Hepatitis A

Summary

Hepatitis A is an infection caused by a virus that can be sexually transmitted. Infection with hepatitis A results in inflammation of the liver (hepatitis).

Hepatitis A is transmitted when the feces (stool, shit) of a person infected with the virus comes into contact with the mouth of another person. The most common routes of transmission are sexual contact or ingesting contaminated food or water.    

Hepatitis A typically clears up on its own within two months of infection.

A simple blood test can determine if an individual currently has hepatitis A, has had previous exposure to hepatitis A, or has been vaccinated for hepatitis A.

No specific treatment exists for hepatitis A. Available treatments focus on managing symptoms. Hepatitis A is preventable with immunization.

Routine hygiene (washing hands thoroughly after toilet use) and correct and consistent use of barrier methods (condoms, oral dams) for sexual activity involving the anus can reduce the risk of hepatitis A transmission.

The words we use here – CATIE is committed to using language that is relevant to everyone. People use different terms to describe their genitals. This text uses medical terms, such as vagina and penis, to describe genitals. Cisgenderi people can often identify with these terms. Some transgenderii people may use other terms, such as front hole and strapless. CATIE acknowledges and respects that people use words that they are most comfortable with.

Key messages on hepatitis A for clients are available here.

What is hepatitis A?  

Hepatitis A is an infection caused by the hepatitis A virus, which is a virus of the Hepadnaviridae family. It can be sexually transmitted. The hepatitis A virus infects hepatocytes (a type of liver cell) and interferes with usual liver functions, causing inflammation of the liver (hepatitis).1,2,3

How is hepatitis A transmitted?  

Hepatitis A is found in the feces of an infected person. The virus is transmitted when the fecal matter of an infected person makes its way into the mouth of another person (fecal-oral contact) who has not been previously exposed to hepatitis A or who has not been vaccinated against hepatitis A. A person becomes immune to the virus after being infected.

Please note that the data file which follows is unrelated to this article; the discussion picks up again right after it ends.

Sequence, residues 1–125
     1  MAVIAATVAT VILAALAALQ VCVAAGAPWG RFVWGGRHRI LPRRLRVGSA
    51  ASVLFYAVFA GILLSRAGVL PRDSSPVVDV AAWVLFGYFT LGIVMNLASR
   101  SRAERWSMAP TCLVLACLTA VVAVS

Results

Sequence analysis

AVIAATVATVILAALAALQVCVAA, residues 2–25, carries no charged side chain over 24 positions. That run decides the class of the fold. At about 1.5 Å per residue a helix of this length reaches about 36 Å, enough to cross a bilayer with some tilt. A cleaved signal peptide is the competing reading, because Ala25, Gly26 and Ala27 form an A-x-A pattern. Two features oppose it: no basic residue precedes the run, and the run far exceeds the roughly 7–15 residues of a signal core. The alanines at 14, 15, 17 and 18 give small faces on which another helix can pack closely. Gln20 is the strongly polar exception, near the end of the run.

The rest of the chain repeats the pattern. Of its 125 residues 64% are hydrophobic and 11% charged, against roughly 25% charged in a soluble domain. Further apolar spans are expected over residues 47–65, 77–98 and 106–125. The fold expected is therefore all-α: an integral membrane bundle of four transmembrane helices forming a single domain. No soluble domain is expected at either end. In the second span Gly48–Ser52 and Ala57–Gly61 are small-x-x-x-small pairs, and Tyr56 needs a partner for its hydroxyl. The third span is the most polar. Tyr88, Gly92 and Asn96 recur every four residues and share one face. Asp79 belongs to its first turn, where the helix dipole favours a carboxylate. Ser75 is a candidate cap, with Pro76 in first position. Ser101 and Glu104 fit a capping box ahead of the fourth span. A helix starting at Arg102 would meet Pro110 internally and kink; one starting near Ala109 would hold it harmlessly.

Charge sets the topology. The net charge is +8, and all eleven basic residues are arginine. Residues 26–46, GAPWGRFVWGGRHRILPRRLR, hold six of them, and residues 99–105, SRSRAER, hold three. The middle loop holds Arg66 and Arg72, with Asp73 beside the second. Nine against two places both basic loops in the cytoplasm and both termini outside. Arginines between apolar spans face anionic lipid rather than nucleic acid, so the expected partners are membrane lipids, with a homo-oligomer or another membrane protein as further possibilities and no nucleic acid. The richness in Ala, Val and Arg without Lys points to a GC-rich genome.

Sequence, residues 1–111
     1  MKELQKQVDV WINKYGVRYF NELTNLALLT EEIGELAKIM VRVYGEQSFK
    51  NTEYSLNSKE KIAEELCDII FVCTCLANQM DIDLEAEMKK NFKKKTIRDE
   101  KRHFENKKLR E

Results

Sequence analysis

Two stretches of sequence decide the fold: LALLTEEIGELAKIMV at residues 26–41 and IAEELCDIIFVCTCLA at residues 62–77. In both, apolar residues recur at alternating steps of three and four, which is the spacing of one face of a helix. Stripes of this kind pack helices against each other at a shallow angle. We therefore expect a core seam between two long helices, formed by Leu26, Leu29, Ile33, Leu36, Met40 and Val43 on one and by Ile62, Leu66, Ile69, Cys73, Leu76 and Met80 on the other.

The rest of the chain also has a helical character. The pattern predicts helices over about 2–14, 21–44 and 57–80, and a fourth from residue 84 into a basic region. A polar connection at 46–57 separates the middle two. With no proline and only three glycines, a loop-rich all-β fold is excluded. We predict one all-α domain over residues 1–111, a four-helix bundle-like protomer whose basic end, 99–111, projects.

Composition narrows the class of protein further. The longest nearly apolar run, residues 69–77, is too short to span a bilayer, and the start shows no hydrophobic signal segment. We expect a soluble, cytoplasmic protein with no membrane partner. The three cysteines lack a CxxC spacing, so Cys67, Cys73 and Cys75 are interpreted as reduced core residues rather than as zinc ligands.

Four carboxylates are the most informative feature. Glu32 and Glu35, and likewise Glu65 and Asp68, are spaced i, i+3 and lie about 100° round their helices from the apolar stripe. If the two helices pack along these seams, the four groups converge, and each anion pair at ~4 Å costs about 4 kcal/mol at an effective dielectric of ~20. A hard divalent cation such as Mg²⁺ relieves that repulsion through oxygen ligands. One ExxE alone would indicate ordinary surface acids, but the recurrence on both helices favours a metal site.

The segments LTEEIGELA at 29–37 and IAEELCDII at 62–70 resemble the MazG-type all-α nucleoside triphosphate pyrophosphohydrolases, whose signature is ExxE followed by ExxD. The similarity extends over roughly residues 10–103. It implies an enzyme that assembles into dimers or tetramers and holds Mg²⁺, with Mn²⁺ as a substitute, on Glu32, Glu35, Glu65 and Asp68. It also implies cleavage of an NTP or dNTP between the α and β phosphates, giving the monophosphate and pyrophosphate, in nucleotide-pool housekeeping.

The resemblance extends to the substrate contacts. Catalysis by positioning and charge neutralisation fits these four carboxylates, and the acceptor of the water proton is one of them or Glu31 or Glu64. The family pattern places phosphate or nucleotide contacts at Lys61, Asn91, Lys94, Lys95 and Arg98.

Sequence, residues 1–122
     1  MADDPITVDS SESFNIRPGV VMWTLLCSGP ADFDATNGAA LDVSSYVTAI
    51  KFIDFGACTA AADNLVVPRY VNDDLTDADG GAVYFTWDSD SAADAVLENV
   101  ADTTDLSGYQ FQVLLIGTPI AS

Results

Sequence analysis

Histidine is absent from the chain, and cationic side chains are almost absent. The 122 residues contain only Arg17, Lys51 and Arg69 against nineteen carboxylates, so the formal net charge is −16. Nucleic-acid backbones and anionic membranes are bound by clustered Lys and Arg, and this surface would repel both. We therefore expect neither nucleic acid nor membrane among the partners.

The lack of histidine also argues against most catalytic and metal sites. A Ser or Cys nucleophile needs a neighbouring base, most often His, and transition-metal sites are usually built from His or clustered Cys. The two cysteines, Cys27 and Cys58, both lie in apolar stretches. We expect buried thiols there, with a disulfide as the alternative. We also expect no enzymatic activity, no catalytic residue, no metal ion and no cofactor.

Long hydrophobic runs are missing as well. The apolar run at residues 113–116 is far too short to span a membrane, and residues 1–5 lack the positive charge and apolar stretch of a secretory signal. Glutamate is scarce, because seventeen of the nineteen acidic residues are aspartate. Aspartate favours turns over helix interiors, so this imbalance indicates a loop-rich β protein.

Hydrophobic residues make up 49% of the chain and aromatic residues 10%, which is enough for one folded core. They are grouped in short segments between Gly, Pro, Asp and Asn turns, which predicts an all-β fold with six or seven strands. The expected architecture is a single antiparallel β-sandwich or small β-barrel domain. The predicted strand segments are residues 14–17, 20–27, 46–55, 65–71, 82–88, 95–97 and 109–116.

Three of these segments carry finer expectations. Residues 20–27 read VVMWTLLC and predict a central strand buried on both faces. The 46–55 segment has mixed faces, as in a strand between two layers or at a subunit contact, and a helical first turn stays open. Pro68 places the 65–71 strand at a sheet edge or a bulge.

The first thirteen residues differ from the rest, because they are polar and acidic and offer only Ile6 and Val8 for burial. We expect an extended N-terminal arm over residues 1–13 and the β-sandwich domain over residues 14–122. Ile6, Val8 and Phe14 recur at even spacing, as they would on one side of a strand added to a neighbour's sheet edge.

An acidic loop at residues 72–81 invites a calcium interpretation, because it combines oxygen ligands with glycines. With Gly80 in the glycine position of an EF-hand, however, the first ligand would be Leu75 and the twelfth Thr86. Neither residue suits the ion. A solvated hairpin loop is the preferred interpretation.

Hepatitis A can also be transmitted if a person ingests food or water that has been contaminated with the feces of someone with hepatitis A.

Hepatitis A can be spread by sexual activities involving fecal-oral contact (such as rimming). The virus can also be transmitted by fingers (anal-finger contact), a penis if having anal intercourse, and sex toys if they have come into direct contact with infected feces during sex and then enter another person’s mouth. Handling a used condom after anal sex and then putting fingers in the mouth can also transmit hepatitis A.1,3,4,5,6

Who is at risk?  

Some specific populations are at increased risk of hepatitis A (if they have no immunity from prior infection or vaccination): people who inject drugs, men who have sex with men (MSM), and children in daycare (who are often in diapers or around other children who are in diapers and are not able to wash their own hands).

Individuals at increased risk of hepatitis A infection include those with close household or sexual contact with an infected person or those who travel to regions that have high prevalence rates of hepatitis A (due to poor sanitation).2,4,5

Symptoms  

Most adults infected with hepatitis A have some symptoms. Symptoms can appear two to six weeks after infection (the incubation period). Adults and older children may have an abrupt onset of the following symptoms: loss of appetite, nausea, abdominal pain, fatigue, fever, light-coloured stool, dark urine and jaundice (yellowing of the skin and/or eyes).

Children under the age of six may have no symptoms (asymptomatic) or display only mild symptoms.

Most adults will clear the infection on their own within two months. After the infection clears, a person has lifelong immunity from hepatitis A.3,4,5,7,8,9

Complications 

The majority of people who contract hepatitis A make a full recovery on their own. However, 25% of those who become infected with hepatitis A require hospitalization.

Some people experience prolonged jaundice and/or relapses over several months. 

Hepatitis A does not cause chronic liver disease.1,2

Testing and diagnosis (screening)  

A simple blood test can reveal if an individual currently has hepatitis A, has had hepatitis A in the past, or has previously received the vaccine.5

Notification of partners